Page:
As for the batteries, you need to read up on corporate lawyers to understand why they have the warning! If one battery ever explosed, the lawyers want to warn everyone else, for fear of million dollar liability claims. It should come as no surprise that batteries can explode if you toss them into a fire (people do this for fun), or short out their terminals. Under normal use batteries are quite friendly...

-- Gordon Author: Constructing Robot Bases (Forthcoming) Robot Builder's Sourcebook, Robot Builder's Bonanza

Reply to
Gordon McComb

What happen when a AA alkaline battery explode? Does it explode like a bomb or does it explode like burning? What can I do to prevent this from happening? You actually experienced a battery explosion?


Reply to

----- Original Message ----- From: "Tony" Newsgroups: comp.robotics.misc Sent: Friday, November 28, 2003 10:08 PM Subject: Re: Some Questions From Beginner

Yes I have experienced it. Years ago I found two seemingly almost dead 9 volt batteries while helping a friend clean his shed. I stuck them together (doing this shorts both batteries), threw them in the trash pile, and continued on. About a minute or so later, I heard a mysterious loud crack, like as loud as an M80, but higher in pitch. We eventually figured out it was the batteries that blew. All that could be found of the battery was a few sticky paper remnants. I have also had a battery, some "non-rechargeable" type, blow when I accidently left it in the charger too long.

They blow because they are sealed and cant hold the pressure. Drawing current (or charging) heats the battery, expanding the chemicals inside. At a certain point the vessel just gives and bang. I imagine there are no flames, and they just bust apart violently spewing their innards.

Prevention? Dont short, or near short, batteries to the point they get hot and blow. A 1 hour discharge rate should be safe for regular alkaline batteries. Below 1 hour the efficency sucks anyways.


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Reply to
Ryan Cole
1.) Just be aware to not short out batteries or overcharge the rechargeable ones. 2.) Usually the voltage is too low to be a problem on your skin. You have to overcome a fair amount of skin resistance. 240vac is a diffeerent matter, it''ll kill you. Getting into a safety minded frame of mind is important. Whether it's 110vac or 220vac we all have it in our homes, and it is dangerous, but we all know better and take precautions not to kill ourselves. Except for those going for the Darwin Awards. :) 3.) Do not wear wool. Cotton works best. Do not wear leather soled shoes. Take a little dishwashing detergent and add it to some water, put it into a spray bottle and then slightly spray the carpeting around the area you are going to work in. This should suffice for most purposes. Most devices have some sort static protection built in, but one should not push their luck. Mainly being aware of it is enough to allow you to take precautions. If you walk around your house andyou get zpped when you touch the doorknob you know you have serious static problems. In this case you need to take the more advanced anti-static precautions. 4.) yes reusing things is very popular. It's up to your imagination and skill as to what is reusable or not for you. Old printers and scanners offer the most neat things to reuse. Of course toys are always very popular too. 5) Getting familiar with electronics and all their parts is important. There are a lot of books on this that can help you. many parts can be recycled, but identifying the proprietary parts in some things is next to impossible. In this case a manfacturer puts their own private part numbers on a part to prevent the competition from reverse engineering a cheaper one. Plus it may make in house inventory processses easier. 6) There are many electronics books already there, no sense beating a dead horse so to speak.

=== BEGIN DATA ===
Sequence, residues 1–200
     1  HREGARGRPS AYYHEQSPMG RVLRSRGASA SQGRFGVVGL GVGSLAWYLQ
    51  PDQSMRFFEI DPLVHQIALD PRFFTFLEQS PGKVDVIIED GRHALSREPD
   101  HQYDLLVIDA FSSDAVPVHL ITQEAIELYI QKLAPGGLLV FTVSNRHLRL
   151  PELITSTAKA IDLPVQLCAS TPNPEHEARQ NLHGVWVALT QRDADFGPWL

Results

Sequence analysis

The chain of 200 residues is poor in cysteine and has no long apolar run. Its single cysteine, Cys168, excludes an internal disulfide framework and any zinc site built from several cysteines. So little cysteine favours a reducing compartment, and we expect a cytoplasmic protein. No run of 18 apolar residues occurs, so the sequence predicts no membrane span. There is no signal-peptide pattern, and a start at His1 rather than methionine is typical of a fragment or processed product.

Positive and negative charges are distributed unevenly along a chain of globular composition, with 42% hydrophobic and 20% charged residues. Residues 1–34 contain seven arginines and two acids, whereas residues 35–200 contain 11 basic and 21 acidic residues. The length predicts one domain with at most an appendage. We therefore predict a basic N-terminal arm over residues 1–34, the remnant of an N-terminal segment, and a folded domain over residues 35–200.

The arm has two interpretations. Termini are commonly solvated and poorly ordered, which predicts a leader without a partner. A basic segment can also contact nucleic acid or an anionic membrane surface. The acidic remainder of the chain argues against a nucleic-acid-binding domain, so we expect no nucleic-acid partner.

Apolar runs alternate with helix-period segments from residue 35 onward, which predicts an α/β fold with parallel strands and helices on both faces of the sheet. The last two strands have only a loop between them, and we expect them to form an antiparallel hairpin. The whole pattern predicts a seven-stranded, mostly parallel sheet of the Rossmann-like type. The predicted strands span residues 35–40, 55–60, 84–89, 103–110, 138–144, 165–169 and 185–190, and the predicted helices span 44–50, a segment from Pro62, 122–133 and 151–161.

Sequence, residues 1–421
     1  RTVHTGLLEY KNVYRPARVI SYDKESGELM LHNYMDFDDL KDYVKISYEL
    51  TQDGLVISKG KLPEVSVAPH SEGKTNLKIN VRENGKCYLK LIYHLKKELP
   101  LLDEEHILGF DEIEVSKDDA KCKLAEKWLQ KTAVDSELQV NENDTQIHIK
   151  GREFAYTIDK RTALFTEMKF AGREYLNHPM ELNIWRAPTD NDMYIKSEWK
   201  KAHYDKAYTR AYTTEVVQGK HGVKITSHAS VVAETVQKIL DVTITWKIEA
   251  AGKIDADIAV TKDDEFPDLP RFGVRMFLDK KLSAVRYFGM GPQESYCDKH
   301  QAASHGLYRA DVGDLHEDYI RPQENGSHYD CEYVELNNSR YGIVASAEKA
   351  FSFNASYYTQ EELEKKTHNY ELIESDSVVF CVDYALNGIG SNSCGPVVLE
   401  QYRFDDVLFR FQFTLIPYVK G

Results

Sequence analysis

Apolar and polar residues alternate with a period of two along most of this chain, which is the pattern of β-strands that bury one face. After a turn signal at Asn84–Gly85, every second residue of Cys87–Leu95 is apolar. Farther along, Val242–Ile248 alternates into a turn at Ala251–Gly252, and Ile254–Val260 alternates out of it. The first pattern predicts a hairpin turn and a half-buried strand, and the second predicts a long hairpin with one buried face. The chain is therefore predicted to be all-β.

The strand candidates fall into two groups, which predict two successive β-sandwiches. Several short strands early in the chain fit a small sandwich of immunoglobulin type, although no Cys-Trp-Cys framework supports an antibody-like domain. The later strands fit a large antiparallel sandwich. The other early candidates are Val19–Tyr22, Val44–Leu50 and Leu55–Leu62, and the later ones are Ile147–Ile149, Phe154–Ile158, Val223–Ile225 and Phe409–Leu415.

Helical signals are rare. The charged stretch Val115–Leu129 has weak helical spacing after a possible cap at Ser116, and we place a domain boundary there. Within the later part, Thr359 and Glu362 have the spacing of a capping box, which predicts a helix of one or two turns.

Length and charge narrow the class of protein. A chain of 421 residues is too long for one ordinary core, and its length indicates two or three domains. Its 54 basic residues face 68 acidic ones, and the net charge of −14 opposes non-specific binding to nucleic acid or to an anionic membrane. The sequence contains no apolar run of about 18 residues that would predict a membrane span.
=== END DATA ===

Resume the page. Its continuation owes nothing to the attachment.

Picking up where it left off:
Reply to
Earl Bollinger